The Industrial Court in Gaborone has ruled that by refusing the Trainers and Allied Workers Union (TAWU) access to its premises, the National Food Technology Research Centre (NFTRC) was in breach of an agreement entered into by both parties in June last year. Consequently, the court ordered the Centre to allow the Union such access within 14 days in an order issued last Wednesday.
Within the same time frame, the Commissioner of Labour will appoint a mediator to determine whether TAWU’s membership at NFTRC meets the statutory threshold of one-third of staff members eligible for membership. If the result comes back positive, NFTRC shall grant TAWU recognition within seven days of such determination being made. This particular order represents full victory for TAWU which asked the court to declare that the Centre was in breach of an agreement it made with the union in June last year.
In terms of this agreement, the Centre was obliged to allow the Union to coordinate its affairs and carry out its business on its premises. However, NFTRC’s managing director, Dr. Charity Kepaletswe-Kruger, subsequently denied the Union such access.
When he was still in post, the chairperson of the NFTRC board of directors, Leach Tlhomelang, had granted TAWU recognition which was basis upon which the Union conducted its affairs on the Centre’s premises. However, along the way, the ministry of the agriculture (under which NFTRC falls) withdrew such recognition on grounds that Tlhomelang had no authority to grant it in the first place.
When the Union sought permission to address staff, Kepaletswe-Kruger said that management could not accede to such request “on the basis of the ministry’s position.” In his judgment, Justice Christian Diwanga says that by doing this, NFTRC was in breach of the agreement that assured TAWU access to its premises.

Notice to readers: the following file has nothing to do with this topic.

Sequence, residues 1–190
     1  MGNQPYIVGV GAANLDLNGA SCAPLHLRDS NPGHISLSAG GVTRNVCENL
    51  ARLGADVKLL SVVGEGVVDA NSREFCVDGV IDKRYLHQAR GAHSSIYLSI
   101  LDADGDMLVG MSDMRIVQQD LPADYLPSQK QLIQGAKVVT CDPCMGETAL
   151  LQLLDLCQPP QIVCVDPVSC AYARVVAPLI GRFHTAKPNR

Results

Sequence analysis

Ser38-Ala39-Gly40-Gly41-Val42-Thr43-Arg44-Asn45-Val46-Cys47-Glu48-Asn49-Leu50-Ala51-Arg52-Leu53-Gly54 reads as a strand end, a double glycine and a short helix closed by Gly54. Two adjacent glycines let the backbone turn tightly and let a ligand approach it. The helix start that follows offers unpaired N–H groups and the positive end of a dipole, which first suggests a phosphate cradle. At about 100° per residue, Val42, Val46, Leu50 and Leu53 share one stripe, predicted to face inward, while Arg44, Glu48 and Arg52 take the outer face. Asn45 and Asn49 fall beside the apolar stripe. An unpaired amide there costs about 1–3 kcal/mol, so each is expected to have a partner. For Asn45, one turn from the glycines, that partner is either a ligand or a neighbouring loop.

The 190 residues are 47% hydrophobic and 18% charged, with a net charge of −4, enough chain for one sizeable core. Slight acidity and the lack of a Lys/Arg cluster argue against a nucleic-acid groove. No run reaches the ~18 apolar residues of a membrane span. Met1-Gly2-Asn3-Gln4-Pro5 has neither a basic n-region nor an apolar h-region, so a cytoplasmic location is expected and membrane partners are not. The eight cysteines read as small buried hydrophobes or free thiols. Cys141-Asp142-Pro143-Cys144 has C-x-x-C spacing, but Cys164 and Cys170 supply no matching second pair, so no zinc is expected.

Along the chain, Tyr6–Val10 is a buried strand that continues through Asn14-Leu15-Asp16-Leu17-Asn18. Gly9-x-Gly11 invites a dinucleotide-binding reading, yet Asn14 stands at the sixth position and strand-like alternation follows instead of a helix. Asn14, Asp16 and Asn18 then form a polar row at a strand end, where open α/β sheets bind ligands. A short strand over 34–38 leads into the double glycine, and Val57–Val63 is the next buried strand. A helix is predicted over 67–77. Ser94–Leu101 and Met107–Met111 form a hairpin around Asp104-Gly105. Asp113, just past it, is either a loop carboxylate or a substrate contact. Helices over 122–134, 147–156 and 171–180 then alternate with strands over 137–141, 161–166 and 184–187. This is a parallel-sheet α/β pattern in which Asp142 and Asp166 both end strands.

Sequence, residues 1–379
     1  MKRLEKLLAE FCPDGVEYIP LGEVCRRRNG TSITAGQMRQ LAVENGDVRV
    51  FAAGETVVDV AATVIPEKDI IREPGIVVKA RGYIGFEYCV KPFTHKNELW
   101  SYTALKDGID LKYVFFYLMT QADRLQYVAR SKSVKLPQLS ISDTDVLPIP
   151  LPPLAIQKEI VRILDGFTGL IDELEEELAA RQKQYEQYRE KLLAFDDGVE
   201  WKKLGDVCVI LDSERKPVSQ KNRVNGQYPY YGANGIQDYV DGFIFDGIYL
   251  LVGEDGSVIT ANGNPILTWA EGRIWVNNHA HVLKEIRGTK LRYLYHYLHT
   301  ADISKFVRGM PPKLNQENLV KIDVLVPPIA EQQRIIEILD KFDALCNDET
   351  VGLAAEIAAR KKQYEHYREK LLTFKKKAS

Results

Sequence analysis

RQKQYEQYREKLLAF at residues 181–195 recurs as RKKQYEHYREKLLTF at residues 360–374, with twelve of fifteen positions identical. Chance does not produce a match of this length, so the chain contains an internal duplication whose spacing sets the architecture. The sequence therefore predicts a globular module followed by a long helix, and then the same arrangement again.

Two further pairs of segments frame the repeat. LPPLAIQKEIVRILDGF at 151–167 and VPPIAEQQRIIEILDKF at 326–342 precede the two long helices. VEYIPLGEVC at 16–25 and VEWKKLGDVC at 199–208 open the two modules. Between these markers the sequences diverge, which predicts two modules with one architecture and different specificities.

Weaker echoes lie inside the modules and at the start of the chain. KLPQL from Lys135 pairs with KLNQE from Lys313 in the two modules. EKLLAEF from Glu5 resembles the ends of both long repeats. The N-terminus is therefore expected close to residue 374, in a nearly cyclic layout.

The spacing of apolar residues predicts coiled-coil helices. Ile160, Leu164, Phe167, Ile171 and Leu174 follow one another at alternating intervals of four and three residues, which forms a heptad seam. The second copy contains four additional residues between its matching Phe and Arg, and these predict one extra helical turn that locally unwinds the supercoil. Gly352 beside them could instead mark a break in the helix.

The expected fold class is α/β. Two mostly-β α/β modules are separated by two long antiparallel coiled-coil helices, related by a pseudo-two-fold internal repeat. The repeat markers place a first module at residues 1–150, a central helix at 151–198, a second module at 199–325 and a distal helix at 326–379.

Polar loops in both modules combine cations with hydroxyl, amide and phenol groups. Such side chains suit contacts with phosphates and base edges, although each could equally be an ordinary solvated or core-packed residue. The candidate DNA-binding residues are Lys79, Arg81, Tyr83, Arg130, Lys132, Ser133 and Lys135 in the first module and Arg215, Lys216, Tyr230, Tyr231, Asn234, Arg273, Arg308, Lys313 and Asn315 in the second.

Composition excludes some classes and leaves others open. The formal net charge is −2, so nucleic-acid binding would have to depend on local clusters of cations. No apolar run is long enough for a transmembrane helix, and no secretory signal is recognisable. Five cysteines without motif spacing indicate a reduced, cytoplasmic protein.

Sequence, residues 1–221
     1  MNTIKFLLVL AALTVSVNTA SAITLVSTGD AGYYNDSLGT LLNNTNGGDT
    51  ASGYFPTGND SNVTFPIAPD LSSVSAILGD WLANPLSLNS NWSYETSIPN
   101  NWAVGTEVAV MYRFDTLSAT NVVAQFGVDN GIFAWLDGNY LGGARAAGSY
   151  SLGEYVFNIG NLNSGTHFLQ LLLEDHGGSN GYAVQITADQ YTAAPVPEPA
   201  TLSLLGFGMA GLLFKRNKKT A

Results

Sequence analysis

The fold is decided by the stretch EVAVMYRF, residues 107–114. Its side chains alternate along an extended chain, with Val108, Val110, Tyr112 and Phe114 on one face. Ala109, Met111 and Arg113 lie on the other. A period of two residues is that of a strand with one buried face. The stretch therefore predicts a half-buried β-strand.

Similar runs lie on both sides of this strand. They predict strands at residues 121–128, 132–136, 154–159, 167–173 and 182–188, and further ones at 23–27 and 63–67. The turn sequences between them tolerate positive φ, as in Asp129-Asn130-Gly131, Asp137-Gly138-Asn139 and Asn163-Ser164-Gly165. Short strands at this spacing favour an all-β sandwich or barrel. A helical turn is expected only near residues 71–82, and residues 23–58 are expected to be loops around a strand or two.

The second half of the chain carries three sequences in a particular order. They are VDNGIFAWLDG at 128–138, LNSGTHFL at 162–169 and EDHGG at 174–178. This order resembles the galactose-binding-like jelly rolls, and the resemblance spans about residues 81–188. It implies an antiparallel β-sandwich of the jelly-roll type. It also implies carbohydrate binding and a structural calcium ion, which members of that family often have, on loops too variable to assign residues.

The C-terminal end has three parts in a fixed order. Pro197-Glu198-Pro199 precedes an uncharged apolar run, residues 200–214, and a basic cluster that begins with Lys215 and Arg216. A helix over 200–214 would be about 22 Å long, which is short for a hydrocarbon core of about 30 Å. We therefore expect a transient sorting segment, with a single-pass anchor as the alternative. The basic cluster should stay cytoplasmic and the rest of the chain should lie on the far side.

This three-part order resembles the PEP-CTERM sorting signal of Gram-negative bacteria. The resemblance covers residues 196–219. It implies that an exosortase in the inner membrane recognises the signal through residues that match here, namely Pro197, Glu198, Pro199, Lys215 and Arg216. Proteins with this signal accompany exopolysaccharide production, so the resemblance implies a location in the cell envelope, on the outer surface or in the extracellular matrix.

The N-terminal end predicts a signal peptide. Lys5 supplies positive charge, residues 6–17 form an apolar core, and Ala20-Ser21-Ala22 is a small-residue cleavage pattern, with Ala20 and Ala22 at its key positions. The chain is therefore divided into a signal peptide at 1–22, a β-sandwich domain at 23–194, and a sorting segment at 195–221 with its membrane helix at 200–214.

NFTRC did not come out of this encounter empty-handed.
TAWU’s other plea was that the Centre’s decision to derecognise it be declared null and void.
At the centre of this issue was a letter that Tlhomelang wrote in February this year, granting the union recognition.
NFTRC’s lawyer, Mboki Chilisa, challenged the validity of this recognition by arguing that at the time that it was granted, NFTRC had no functional board, that the ministry of agriculture notified TAWU that it had no intention of extending voluntary recognition to it and that TAWU was well aware of this state of affairs. It also turned out that there was no formal resolution by NFTRC’s board and that the required quorum of seven directors was never constituted. Diwanga’s determination of this particular point is that the aforementioned agreement does not confer recognition on TAWU and that “surely Tlhomelang alone cannot be said to be the board of [NFTRC].”
“Therefore, the letter by the board chairperson of [NFTRC] which purported to grant [TAWU] recognition is invalid and of no force and legal effect,” the judgement says.
NFTRC’s point-scoring also extends to one point of law that the lawyers fought over earlier on. Contrary to one provision of the Rules for the Conduct of Proceedings in the Industrial Court, TAWU filed its replying affidavit two and half months (69 days) after the delivery of NFTRC’s answering affidavit and did not give an explanation.
Chilisa asked the court to strike out TAWU’s affidavit for the said contravention and also because (in contravention of another court rule) TAWU failed to apply for pardon for the late submission. The explanation by TAWU’s lawyer, Reuben Lekorwe, was that the affidavit was filed late on account of an anticipated settlement of the dispute.
However, the court upheld Chilisa’s points and struck out TAWU’s replying affidavit. As a result, the Union found itself hamstrung when the point about recognition granted by Tlhomelang was argued. NFTRC contended that TAWU had been notified that the Centre had no functional board and that it would not be given recognition.
The Union could not argue against this point as its replying affidavit was disallowed. The judgment reads: “The court has to accept these averments in the absence of a reply thereto by [TAWU].”
The law having taken its course, the matter is now down to mathematics. TAWU says it has acquired the statutory threshold that allows it to conduct trade union activities on NFTRC premises. On the other hand, NFTRC refutes such claim, stating that some employees that TAWU claim as members don’t actually qualify for such membership. Where such dispute exists, the Trade Disputes Act provides that the Industrial Court may direct a mediator to conduct a ballot to settle the dispute.
That is the exercise that a mediator appointed by the Commissioner of Labour will undertake. Should TAWU’s claim prove to be true, NFTRC would be legally bound to grant the Union recognition within seven days.